05 of 11

Get cooking

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Teach your kids an old family recipe, or start a brand-new tradition by baking bread. If your kiddos can mold Play-Doh and make mud pies, they'll be experts at kneading dough. (The hands-on fun quotient is the same, but the result is much more appetizing.) Find a foolproof whole wheat bread recipe and get baking.

06 of 11

Create self-portraits

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Your Cloud storage is full of family photos, but drawing self-portraits captures the present in a more revealing way. Preserve the results for posterity by displaying the masterpieces gallery-style on a wall, or scan and upload the artwork, then have the images transferred onto everything from postage stamps to totes and water bottles (try shutterfly.com), so you won't have to wonder whose is whose.

07 of 11

Go camping

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Pitching a tent in the backyard counts. With the free app Project Noah, kids can finally get an answer to "What's that weird bug over there?" Snap a photo of wildlife and the app soon sends an ID.

Once the sun sets, keep them entertained with good old shadow puppets. And don't forget to brush up on ghost stories for around the campfire (er, flashlight).

08 of 11

Start a family book club

Fun family activities - book club, illustration of shoes

Choose stories that appeal to all family members, no matter their age. Charlie and the Chocolate Factory and Jumanji both have humor adults can enjoy, too. Let one person read aloud, or take turns so that you can experience the story unfolding together. With older kids, establish a schedule so everyone has reading time before your family meeting to discuss the book—or check out multiple copies from the library. Afterward, kick back and watch the movie version (if there is one) to see how it stacks up.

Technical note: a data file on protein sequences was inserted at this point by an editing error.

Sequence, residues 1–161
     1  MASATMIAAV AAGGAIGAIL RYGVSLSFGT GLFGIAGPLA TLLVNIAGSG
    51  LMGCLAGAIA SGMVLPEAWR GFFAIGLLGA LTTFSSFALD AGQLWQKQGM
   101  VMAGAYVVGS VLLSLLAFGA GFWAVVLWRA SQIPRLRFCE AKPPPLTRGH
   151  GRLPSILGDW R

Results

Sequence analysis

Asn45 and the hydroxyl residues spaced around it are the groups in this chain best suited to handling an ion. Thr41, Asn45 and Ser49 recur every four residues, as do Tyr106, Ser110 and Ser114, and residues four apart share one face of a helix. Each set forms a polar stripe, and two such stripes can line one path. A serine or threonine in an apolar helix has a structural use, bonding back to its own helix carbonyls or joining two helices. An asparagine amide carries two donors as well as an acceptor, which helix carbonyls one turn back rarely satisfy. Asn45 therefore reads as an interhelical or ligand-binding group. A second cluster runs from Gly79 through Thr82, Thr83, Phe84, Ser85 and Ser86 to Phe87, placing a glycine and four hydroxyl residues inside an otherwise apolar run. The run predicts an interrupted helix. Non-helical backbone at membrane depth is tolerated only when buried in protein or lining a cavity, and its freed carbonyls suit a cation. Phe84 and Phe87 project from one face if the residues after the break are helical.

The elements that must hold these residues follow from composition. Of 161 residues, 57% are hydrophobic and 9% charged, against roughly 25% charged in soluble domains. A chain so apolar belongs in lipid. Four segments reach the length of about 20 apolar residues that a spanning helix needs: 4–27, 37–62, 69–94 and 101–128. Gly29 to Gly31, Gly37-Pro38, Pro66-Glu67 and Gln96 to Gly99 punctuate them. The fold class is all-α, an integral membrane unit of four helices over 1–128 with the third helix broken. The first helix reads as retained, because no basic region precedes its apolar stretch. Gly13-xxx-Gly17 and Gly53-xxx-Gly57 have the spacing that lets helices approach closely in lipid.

09 of 11

Go on a scavenger hunt

Fun family activities - scavenger hunt illustration
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Limit the territory to the backyard or inside the house and kids will suddenly notice objects that they usually overlook. Set a time limit (a half hour for 20 clues should do it), and supply each child with a bag to hold his booty and a list of clues.

Spark their imagination with things that are open for interpretation, like "something that smells really bad" or "an object that starts with the letter K." (This also keeps the kids from clobbering one another while racing to the one blue spatula.) When time is up, tally who found the most items. Aside from bragging rights, the winner gets a fun prize, such as a gift certificate to the movies or the ice cream shop.

10 of 11

Make up a song

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Who says your family can't start their own band? End the monotony of long car rides or Saturday morning chores by singing together and creating lyrics no one will forget.

11 of 11

Take a staycation

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Treat your staycation like a real vacation—yes, even from chores—and plan ahead, says Matt Wixon, the author of The Great American Staycation ($10; amazon.com). Get day-trip ideas from your local visitors' bureau or a regional parenting website. Libraries and parks departments often offer fun activities; some craft stores hold art classes. Try to arrange a behind-the-scenes tour with the pinsetters at a bowling alley or the projectionists at a movie theater. (Hey, it never hurts to ask. And you may get free popcorn.)